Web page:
Higher taxes and cuts to services likely next year, councils warn, after government funding revealed


Councils in England have warned they could be forced to cut services and implement tax rises for the coming financial year as they criticized the level of central government funding.

The Department for Leveling Up, Housing and Communities (DLUHC) has announced that funding available to councils will rise to more than £64bn. next year, up from £59.7bn. in 2023/24.

It said councils will receive a minimum 3% increase in core consumption power – the amount councils need to use from a combination of public grants, council tax and business rates.

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But councils across the country have already warned that the settlement does not go far enough to help councils facing bankruptcy due to rising costs and demand pressures.

They have called on the government to provide emergency funding to delineate crucial frontline services.

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Since 2020, seven councils have issued at least one Section 114 notice, which means that all new spending – with the exception of protecting vulnerable people and statutory services – must stop immediately.

Last week Cheshire East Council warned that it could be forced to declare bankruptcy after it spent £11m preparing HS2 before the government’s “devastating” decision to cancel the northern section in October.

It follows Nottingham Council issued a Section 114 notice last month, with a warning from the finance director that it was unable to deliver a balanced budget for this year, which is a legal requirement.

Birmingham City Council also issued its own 114 notice in September after being hit with a £760m bill to settle equal pay claims.

In its interim council finance settlement for 2024-25, the government said it was “making £1bn available in additional grant funding” for social care for the coming financial year compared to 2023-24.

It said councils will be able to increase council tax by up to 3% without a local referendum, with a further 2% for those responsible for social care for adults and “further flexibility” for some authorities.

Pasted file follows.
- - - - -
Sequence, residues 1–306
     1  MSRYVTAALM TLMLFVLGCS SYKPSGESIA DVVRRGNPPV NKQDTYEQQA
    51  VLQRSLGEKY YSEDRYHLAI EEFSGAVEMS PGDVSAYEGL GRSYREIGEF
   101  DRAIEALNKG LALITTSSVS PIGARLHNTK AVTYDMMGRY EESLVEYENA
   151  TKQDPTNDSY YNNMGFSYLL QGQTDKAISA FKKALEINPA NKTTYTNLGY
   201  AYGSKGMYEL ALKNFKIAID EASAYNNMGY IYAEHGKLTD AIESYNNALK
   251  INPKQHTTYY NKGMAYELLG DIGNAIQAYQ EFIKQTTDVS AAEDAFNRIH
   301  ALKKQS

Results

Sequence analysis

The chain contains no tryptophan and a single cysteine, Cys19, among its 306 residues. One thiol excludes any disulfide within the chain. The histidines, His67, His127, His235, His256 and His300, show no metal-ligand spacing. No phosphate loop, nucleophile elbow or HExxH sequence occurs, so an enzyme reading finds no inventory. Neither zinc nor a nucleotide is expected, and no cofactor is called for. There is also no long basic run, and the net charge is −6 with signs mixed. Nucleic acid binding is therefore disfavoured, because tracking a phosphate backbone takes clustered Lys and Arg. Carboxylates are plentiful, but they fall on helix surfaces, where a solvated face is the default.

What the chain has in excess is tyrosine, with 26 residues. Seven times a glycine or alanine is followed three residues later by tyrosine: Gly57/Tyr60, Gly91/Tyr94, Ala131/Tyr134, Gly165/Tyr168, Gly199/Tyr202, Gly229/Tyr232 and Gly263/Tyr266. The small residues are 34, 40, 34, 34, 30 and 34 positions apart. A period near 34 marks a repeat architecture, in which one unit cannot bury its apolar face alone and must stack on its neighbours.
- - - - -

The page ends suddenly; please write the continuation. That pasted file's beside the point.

The DLUHC also revealed that it had made it clear that it does not support councils using “four-day week” arrangements after South Cambridgeshire District Council extended a four-day week trial period until the end of March next year.

The government added that it was investigating potential financial penalties for councils that continue to adopt the practice after 2024-25.

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‘No choice’ about ‘higher council tax increases’

The County Councils Network (CCN), which represents England’s largest councils, said county authorities would be “bitterly disappointed” by the announcement.

Councilor Barry Lewis, finance spokesman and deputy chairman of CCN, said: “The announcement of the interim council finance settlement today will be bitterly disappointing for England’s county authorities.

“With no additional funding announced, our council will have no choice but to implement more severe cuts to services and to charge higher council tax increases.

“This will undoubtedly be a double whammy for residents during a cost of living crisis, while an increasing number of local authorities will struggle to deliver a balanced budget next year.”

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‘Services communities rely on every day face cuts’

Councilor Shaun Davies, chairman of the Local Government Association, said councils in England were facing a £4bn funding gap. over the next two years.

“The funding increase announced by the Government today assumes that all councils will increase their tax bills by the maximum allowed in 2024/25,” he said.

“This means councils are once again faced with the difficult choice of raising bills to get desperately needed funding.

“Today’s settlement does not provide enough funding to meet the severe cost and demand pressures that have left councils of all political colors and types warning of the serious challenges they face in setting balanced budgets next year.”

He added: “It is therefore inconceivable that the Government has not provided desperately needed new funding for local services in 2024/25.

“Although councils are working hard to reduce costs wherever possible, this means that the local services our communities rely on every day are now facing further cuts.”


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